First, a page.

Photographic cliches and New Years Resolutions

Somewhat unlike me, I've been sitting on a couple of "blowing off steam" posts for a while now. From time to time, the number of repeated photographic cliches and the endless attempts to promote mobile phones as useable picture taking devices gets to me, and I feel the need to "express myself" "robustly" "frankly" and "candidly". In other words a rant!! Below are two such which I present, unexpurgated. 

Self-censorship doesn't sit well with me, but I thought I would give these posts some time to see if I still thought the same way. I do so here they are.

"The best camera you have is the one you have with you."

People trot out this trite cliche all the time. Usually in some attempt to justify their use of a camera phone or poor quality compact. It might make more sense if it was "The best camera you have is the one you CHOOSE to have with you" Because thats the important part, choice. If you carry a rubbish camera, you'll get rubbish pictures, so why not always carry a decent one?

Some people are easily satisfied. You only have to look at what people post taken on their iPhones or some other low-quality picture-taking device. And as far as I'm concerned, if thats what makes you happy, it says a whole lot about you. Now, I'm not going to tell people what to use, thats up to them. But if people think an iPhone image is OK, and call themselves serious photographers, then I might ask what they have been smoking.

There is really no excuse for not taking something that is capable of decent reproduction out with you, if you are indeed serious about photography, unless you are one of these idiots who are more concened about whether or not you can put it in a pocket. And again, if thats what concerns you the most, see above.

"Always carry a camera"

 Why? I don't always carry a camera. Why would I want to? If I don't am I going to miss some significant moment in the history of the earth?  Probably not, and if I do somebody else will probably take it anyway. Thats not my job or my purpose. Endless snapshots are not what I want to capture with my camera. I can live without recording the more banal moments of my life and if I do see something interesting, do I necessarily have to record it? Why not use my eyes and my memory?

"The decisive moment"

No such thing, in my opinion. There is a school of photographic critic, who seems to think that some shot on the street image is an illustration of the wonderful timing and compositional skills of the photographer. They ascribe them impossible powers, as if somehow they assembled the almost perfect combination, by sheer talent and force of personality. Somehow these photographers, presumably with eyes in the back of their head can make an assessment in a millisecond of just what makes the "perfect" picture. Shame our eyes or our brains don't actually work like that. It also fails to take into account how the process of taking pictures in fast moving situations work. We all (and I mean ALL) to a large extent trust to luck and hope we have a decent shot. You only have to to look at contact sheets of some of the worlds best known images to see just how "decisive" the photographer was. More like the decisive moment, plus a few more just in case.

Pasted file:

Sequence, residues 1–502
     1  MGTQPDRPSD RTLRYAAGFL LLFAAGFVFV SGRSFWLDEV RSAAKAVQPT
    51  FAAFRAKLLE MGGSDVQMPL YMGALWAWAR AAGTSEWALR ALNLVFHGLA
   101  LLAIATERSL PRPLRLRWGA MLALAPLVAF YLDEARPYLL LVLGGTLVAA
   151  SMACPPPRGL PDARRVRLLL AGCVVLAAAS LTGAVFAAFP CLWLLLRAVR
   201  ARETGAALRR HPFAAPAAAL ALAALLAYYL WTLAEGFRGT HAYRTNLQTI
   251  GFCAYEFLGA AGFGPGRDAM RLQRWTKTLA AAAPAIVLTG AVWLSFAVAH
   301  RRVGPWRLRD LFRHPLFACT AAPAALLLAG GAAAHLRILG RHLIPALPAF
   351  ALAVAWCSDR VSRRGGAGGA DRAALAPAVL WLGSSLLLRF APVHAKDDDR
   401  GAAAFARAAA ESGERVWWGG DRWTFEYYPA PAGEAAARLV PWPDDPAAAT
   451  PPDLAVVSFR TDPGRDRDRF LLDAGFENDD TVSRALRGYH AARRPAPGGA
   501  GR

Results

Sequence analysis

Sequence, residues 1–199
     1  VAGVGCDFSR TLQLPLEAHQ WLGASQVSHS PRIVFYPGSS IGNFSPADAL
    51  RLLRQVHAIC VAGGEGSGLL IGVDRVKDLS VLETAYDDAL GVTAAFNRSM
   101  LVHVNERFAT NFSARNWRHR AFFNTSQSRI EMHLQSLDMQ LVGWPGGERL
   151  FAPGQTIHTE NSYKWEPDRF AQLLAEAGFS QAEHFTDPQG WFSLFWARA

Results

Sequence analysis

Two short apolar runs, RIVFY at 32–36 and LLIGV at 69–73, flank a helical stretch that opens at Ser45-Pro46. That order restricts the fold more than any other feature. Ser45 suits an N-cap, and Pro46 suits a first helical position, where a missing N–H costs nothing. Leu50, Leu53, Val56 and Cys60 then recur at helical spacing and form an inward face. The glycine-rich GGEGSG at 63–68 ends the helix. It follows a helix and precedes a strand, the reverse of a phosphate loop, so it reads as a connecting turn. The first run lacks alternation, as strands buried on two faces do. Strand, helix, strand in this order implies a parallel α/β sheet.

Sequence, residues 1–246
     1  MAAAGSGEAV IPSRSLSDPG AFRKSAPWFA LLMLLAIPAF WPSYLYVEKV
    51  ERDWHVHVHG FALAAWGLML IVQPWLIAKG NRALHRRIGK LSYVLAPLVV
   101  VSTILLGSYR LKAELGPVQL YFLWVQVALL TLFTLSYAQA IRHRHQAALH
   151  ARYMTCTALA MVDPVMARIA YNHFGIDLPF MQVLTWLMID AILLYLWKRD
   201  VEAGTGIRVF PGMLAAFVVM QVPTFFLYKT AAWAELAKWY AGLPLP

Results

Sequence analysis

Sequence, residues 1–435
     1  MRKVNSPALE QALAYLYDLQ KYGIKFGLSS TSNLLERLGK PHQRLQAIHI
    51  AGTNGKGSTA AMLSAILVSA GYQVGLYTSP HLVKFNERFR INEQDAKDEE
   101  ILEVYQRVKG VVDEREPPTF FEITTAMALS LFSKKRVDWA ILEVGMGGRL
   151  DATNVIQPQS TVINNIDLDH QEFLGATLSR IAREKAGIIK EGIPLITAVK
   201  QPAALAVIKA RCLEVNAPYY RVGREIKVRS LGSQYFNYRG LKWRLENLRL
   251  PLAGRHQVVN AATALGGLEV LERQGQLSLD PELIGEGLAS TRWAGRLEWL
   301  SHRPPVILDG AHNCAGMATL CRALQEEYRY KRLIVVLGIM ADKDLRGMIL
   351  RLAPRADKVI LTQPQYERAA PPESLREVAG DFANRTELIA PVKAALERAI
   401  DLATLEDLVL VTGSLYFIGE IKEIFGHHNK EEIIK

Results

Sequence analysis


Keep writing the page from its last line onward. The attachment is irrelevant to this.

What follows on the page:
Plus who says its the decisive moment? and therefore a moment that renders everything else as irrelevant. In most cases we haven't seen the moment before or the moment after, Or 5 minutes before or three days after. There are billions of moments in any day when events, people and objects in the world combine to produce fantastic compositions but almost all of them will go unrecorded and disappear into history without ever being captured by a photographer. Plus whatever happened to the Photo-Essay?

And then there is of course the somewhat difficult matter of just how "spontaneous" some of these "decisive moments" are. There are lots of questions about some of the worlds most famous pictures, and I'm in no position to comment on the veracity of those that people question. However many of Bill Brandts "social docmentary" shots were set up using people he knew. And there are certainly questions about some of Robert Capa and Henri Cartier-Bressons pictures. The famous shot of raising the flag on Iwo Jima is another example. Doesn't mean they aren't great pictures, and there is more to creativity than just pressing the shutter at the right time, because if there isn't that makes us little more than trained monkeys.

One of my intentions with this blog, apart from entertaining people for a few minutes every day is to constantly question photographic dogma and the cliches that seem to get repeated as nauseum. We all have to make our decisions as to what works for us, what we want to use, and how we want to use it. I believe that photographs are in our heads and not out there in the world, and that we make them rather than take them. 

Great photographs aren't waiting like big game and for us to track them down, great photographs are created by photographers who visualise something different, something nobody else has. This can happen in an instant on a pavement or over time in a studio. We don't "miss" great photographs, we just haven't created them yet.


New Years creative resolutions from Dpreview for mobile phone photography. Surely the most significant resolution for mobile phone photographers (a bit of a non-sequitur but there you go), and one that would improve their work instantly and significantly should be "I must buy a real camera"

N.B. to see more on the cameras and lenses featured in this post click on the relevant labels (tags and keywords) below.

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